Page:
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Preventing & Treating Thrush

By: Jo Johnson - Updated: 15 Sep 2010 | comments*Discuss
Thrush; Candidiasis; Vaginal; Genital;

Thrush, known medically as candidiasis is an infection caused by yeast growth. This yeast is already present in the body but when the balance of bacteria and yeast is upset, an infection can develop.It can occur in men and women and can be found in the genitals or in the mouth.

What Causes Thrush?

Thrush can develop as a result of pregnancy, certain illnesses such as diabetes, from wearing ill fitting underwear, from excessive cleansing of the genital area, and if you are receiving chemotherapy or taking antibiotics.It can be passed from sexual contact but also from the mouth and from the fingers.

Signs & Symptoms

The most common symptom of thrush is to experience itching and burning around the lips of the vagina. This itching can lead to burning as the person attempts to alleviate the itch. In some cases the trauma to the area can cause bleeding if the skin is damaged.As the itching worsens the tissues around the vagina and vulva can become swollen and inflamed.

It is also common to find that a thick sticky, sometimes odorous discharge develops the amount varies between people but is usually a lot more obvious than a normal vagina discharge.

Treating Thrush

Burning and itching may be eased by the application of a cool pack or cool bath. The pack should be wrapped in a protective covering such as a face cloth, which will need to be discarded with the pack after use to prevent the spread of infection.Some of the creams that are created to treat skin disorders such as nappy rash can also help to reduce irritation. Always remember to wash your hands before and after attending to the genital area.

There are many ways in which thrush can be treated at home. Aloe Vera Products are known for their soothing properties so it may be beneficial to apply some aloe vera based lotion to the area. Obvious this cannot be used for oral thrush.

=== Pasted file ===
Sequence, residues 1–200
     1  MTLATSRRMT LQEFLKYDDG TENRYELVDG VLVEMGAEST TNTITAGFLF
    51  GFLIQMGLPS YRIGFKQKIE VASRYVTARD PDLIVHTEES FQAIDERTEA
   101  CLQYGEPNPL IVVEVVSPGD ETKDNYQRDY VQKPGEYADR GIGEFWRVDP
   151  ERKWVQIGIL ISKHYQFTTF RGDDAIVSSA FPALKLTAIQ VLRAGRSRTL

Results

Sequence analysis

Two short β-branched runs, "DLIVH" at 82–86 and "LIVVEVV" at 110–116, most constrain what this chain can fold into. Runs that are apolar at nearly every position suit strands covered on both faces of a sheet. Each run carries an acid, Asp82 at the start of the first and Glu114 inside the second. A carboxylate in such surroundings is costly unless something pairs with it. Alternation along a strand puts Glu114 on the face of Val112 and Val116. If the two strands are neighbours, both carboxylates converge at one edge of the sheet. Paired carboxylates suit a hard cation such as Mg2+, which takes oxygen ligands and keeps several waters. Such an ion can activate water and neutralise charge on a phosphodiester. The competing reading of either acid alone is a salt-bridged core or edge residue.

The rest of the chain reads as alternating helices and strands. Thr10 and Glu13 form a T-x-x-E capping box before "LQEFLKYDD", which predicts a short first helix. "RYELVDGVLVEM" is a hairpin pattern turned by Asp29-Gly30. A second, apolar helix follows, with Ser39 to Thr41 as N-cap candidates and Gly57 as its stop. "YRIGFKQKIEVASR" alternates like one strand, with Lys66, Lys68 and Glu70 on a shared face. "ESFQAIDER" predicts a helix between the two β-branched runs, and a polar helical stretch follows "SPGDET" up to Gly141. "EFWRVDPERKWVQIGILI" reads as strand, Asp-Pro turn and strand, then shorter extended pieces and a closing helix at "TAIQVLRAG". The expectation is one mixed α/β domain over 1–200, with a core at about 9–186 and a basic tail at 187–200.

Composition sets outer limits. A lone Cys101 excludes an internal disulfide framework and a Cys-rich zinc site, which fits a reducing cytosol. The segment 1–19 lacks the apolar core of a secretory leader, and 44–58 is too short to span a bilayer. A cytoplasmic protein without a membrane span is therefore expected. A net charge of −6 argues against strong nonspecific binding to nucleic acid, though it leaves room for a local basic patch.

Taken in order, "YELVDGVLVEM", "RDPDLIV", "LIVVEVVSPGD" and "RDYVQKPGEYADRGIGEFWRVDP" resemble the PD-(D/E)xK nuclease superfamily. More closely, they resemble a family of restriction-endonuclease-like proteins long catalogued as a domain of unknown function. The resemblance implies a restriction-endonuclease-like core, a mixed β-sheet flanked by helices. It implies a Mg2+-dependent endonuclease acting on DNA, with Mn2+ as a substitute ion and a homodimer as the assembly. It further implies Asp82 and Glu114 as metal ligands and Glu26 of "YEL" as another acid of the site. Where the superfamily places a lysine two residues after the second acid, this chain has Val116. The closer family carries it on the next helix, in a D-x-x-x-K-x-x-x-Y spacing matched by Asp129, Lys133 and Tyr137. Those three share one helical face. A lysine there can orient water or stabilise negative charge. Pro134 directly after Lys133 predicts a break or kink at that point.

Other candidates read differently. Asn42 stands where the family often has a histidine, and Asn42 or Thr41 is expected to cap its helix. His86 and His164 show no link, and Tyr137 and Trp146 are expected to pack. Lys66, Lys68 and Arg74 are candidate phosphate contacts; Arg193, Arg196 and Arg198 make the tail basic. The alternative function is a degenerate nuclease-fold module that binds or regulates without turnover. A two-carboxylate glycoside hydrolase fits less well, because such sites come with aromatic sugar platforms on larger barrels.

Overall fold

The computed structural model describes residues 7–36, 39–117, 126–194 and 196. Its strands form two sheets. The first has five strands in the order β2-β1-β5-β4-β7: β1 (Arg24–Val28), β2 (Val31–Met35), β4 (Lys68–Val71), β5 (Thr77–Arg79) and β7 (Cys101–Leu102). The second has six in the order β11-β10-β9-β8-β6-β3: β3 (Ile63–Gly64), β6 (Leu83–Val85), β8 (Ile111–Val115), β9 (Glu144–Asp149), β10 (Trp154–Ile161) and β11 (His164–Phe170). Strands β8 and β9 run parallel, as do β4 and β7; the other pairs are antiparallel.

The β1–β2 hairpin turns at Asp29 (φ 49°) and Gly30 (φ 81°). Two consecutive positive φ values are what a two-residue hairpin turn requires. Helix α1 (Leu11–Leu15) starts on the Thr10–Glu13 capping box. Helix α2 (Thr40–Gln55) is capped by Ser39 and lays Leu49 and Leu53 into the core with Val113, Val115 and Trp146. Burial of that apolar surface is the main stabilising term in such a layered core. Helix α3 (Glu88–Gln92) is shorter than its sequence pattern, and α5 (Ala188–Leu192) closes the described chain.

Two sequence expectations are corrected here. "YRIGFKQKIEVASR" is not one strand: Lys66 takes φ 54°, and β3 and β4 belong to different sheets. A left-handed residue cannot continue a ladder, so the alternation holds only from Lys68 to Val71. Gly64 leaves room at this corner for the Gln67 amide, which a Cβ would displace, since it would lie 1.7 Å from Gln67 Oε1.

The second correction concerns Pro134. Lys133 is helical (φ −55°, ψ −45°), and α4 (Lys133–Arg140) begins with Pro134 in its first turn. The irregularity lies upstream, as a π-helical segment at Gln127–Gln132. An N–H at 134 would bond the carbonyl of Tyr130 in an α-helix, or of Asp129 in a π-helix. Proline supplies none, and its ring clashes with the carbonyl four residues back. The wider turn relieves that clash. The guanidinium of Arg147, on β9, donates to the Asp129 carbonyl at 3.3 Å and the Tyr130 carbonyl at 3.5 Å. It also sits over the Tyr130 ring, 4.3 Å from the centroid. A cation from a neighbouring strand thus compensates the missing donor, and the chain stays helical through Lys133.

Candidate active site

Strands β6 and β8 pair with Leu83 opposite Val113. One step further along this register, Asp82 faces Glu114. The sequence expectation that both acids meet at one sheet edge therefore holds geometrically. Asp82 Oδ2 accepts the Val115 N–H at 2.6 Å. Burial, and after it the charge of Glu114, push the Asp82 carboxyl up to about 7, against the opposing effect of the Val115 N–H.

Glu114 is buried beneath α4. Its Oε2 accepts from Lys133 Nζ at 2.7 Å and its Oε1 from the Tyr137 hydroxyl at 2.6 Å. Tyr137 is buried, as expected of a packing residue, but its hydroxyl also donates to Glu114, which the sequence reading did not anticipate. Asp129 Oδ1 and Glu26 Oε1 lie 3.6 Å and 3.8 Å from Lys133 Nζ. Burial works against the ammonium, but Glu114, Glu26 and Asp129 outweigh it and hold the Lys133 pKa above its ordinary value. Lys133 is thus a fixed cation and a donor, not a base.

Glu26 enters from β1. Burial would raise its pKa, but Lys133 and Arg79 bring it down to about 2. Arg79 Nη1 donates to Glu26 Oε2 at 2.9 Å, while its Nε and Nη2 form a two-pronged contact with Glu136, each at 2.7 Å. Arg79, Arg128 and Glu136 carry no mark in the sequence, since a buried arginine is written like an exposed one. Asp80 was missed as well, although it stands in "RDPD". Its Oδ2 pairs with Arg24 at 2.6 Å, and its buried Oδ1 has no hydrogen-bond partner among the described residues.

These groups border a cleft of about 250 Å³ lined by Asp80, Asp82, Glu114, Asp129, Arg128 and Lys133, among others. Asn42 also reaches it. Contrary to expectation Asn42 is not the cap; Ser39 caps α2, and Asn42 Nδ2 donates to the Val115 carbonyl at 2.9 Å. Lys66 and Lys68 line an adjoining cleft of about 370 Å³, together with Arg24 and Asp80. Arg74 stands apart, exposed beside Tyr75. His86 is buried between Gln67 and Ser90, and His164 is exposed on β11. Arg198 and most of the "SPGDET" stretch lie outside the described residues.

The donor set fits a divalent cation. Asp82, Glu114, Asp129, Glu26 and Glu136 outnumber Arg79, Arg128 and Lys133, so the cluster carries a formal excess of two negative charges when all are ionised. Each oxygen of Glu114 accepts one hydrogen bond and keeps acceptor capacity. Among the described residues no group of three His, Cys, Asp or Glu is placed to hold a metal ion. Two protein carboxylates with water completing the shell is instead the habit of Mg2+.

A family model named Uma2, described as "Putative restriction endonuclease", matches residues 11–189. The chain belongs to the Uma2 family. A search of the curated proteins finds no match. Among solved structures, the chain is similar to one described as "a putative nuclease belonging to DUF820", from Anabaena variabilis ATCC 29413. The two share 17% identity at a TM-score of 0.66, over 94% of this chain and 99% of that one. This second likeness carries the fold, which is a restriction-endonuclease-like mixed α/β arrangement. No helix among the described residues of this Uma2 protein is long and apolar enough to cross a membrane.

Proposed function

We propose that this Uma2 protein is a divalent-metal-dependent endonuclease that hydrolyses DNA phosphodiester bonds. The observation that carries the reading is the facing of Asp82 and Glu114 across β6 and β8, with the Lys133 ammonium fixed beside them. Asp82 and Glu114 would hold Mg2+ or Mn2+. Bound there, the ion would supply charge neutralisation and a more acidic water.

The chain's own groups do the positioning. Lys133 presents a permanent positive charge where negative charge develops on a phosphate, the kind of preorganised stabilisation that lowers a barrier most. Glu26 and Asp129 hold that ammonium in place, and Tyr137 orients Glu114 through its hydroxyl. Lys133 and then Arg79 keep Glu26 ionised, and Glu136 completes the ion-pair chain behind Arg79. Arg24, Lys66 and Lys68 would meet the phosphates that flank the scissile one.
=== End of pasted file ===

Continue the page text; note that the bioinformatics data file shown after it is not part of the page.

To be sure you are free from thrush it must be diagnosed which can be done using a test that can be offered by your GP, sexual health clinic or genitourinary medicine department.Treatments include anti-fungal preparations, which can be found as creams, tablets or pessaries. Many chemists and supermarkets now stock treatments for thrush which can be useful but if they do not work, always see your GP.

Preventing Thrush

The easiest way to prevent thrush is to be careful with hygiene. Many women become overly concerned with their genital hygiene and excessive washing can remove the normal bacteria present in the vagina, which keeps the naturally occurring yeast under control, which then allows for the yeast to grow.

There is no need to wash inside the vagina, a simple wipe around the vulva using plain water will be sufficient to maintain hygiene.Avoid tight underwear and clothing especially during the warm weather as this can encourage both bacteria and yeast to grow.

Change sanitary wear regularly and choose a product suitable for your individual needs.Never wipe from rectum to vagina after using the toilet, always clean from front to back; the bacteria around the rectum can harm the vagina and urethra.

What About Oral Thrush?

It is common for young babies to develop thrush in their mouths which may be from passing through the vagina during delivery or from poorly sanitised teats and dummies. If you think your baby has thrush speak to your midwife, health visitor or GP who may prescribe an oral treatment. Most of the time the white patches in a baby's mouth are caused by milky deposits. Try giving your baby fresh, cooled boiled water to drink between feeds to see if it is milk or not.

Thrush is an irritating infection caused by the normally controlled yeast present in the body becoming out of control. It can be soothed by certain products but will usually needs treating with appropriate medications to prevent further complications from developing.

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